3. Phil

    Phil Guest

    I do this knee-bending when I do attacks/spikes in Volleyball. When I started doing jump smashes in Badminton, the knee-bending just naturally carried over. It's funny when after doing a jump smash, someone says "Whoa, you get like 5 feet in the air!." (insert smiley here)

    Phil
     
  4. viver

    viver Regular Member

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    Not sure if understood correctly. Are you referring to doubles smash? In singles, movements are mostly diagonal, front/back. Doubles have more lateral movements. Looks you have more opportunities doing this when playing doubles. It's harder in singles, probably when you are able to force a high lift or clear.

    Kicking, or moving your legs when airborne - before hitting - helps, in my opinion, add your body weight behind the shuttle, thus transferring more power to your strike. In singles I'd prefer the - similar - scissors type legs movement, or because I was more used to that one. And another issue is how you land. Concern is not only the smash - it's also if that 'damn' decides to return to your side of the net.
     
  5. TDotSmAsHer

    TDotSmAsHer Regular Member

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    would this not be very tiring?
     
  6. Mag

    Mag Moderator

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    Of course. The cost is high, but so is the reward -- if it wins you the point.
     
  7. Mag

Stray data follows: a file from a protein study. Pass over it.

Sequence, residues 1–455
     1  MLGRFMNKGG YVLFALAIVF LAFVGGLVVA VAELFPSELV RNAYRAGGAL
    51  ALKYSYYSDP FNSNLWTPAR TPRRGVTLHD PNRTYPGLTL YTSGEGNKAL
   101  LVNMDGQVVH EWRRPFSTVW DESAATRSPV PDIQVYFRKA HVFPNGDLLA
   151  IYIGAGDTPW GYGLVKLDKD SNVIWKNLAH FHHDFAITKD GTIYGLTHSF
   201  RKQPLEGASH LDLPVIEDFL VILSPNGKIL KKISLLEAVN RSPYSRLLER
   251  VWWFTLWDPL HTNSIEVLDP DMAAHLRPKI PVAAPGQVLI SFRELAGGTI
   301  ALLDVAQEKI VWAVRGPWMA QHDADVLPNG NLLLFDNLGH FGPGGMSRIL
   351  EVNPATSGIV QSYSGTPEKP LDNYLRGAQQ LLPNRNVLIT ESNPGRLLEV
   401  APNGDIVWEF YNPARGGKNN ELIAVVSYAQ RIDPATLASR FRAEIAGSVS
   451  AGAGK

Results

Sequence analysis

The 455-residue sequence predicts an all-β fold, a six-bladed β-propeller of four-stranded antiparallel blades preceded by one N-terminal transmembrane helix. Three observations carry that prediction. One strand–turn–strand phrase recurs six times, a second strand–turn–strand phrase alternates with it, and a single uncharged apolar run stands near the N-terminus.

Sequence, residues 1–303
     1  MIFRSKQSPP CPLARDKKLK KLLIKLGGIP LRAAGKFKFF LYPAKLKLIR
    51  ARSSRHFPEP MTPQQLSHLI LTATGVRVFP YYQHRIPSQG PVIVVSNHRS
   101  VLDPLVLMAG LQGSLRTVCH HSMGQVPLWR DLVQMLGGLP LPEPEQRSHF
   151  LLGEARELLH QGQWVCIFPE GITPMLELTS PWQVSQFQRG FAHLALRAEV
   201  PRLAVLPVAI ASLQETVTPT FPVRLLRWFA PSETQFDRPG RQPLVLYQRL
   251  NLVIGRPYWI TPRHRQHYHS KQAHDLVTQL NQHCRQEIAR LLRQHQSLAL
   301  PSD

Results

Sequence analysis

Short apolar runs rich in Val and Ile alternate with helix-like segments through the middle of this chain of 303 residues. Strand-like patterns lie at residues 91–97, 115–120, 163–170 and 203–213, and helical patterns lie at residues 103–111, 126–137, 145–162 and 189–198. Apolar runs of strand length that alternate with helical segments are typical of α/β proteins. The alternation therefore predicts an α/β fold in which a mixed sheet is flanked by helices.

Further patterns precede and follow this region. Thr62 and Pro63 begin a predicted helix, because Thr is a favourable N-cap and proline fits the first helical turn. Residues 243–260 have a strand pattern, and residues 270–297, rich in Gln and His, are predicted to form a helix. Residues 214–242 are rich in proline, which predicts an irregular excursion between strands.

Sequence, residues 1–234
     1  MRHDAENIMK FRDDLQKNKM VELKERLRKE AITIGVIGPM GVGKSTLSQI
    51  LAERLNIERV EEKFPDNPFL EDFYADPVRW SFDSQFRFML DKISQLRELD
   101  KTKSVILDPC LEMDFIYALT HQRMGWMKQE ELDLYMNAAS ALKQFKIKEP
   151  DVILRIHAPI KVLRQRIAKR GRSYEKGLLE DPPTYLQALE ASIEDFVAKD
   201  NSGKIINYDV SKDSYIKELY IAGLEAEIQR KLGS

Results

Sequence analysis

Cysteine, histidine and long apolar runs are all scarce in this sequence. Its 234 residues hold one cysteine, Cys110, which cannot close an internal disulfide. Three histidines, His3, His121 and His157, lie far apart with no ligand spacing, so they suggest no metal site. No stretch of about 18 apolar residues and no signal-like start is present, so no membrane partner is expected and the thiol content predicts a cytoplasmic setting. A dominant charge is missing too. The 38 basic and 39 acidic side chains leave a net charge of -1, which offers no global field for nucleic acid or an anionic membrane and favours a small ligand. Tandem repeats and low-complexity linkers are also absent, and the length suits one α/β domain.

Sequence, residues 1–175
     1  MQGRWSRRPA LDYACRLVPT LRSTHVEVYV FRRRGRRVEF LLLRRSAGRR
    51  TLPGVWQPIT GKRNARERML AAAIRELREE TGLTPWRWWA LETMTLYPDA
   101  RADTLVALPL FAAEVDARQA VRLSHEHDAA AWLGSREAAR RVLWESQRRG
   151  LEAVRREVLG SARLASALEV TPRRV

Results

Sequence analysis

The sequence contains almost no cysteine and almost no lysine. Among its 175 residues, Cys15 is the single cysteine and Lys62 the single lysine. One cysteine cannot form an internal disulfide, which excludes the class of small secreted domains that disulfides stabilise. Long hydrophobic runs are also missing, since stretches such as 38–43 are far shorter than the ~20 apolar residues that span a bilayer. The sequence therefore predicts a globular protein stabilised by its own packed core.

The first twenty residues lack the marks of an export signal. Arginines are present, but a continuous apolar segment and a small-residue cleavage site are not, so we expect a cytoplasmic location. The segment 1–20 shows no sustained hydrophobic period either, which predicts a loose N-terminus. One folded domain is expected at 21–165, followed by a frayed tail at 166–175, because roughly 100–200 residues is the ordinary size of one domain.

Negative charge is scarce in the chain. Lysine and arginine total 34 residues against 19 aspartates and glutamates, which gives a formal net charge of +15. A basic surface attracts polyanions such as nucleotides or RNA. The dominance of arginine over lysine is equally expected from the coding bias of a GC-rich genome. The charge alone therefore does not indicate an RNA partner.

Mag Moderator

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    Yes, this is more common in doubles, but one sees it in singles too. It really depends on which player it is, some have a sweet tooth for it... but most use the "traditional" scissor type leg movement as you mentioned. It gives less power and less "hang time" though.

    I was also intrigued by the fact that there was a definite difference in Danish players vs Asian players. The Danes all favour the scissor leg movement, while many Asians use the leg movement I described with both knees bent. It reflects a difference in training I guess. And maybe the Danish players, quite tall as they are, don't have to rely as much on spectacular jump shots? Their recovery time would probably be longer too, so maybe the cost is just too high?
     
  8. cooler

    cooler Regular Member

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    Mag, it is because average asian players are shorter than the danes and height generation is a paramount component in their jump smashes
     
  9. kwun

    kwun Administrator

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    cool. jumpsmash is my favorite topic... i am a "frequent flyer". (i think that's a really cool term for jumpsmasher :) )

    it takes a very long time to learn and execute a jumpsmash. i first started learning it around 4 yrs ago, it took me more than a month of pretty solid practice to be able to hit the birdie correctly, the next 4 yrs to refine it, and i still think i am not doing it quite correctly.

    here is a little bit that i have learned about jumpsmashes, this is just my personal experience, so please take it with a grain of salt.

    jumpsmashes are used differently for doubles and singles, and there are different consequences when used.

    *doubles*

    for doubles, you are aiming for two things, power and "time to shuttle" (ie. get to the birdie early).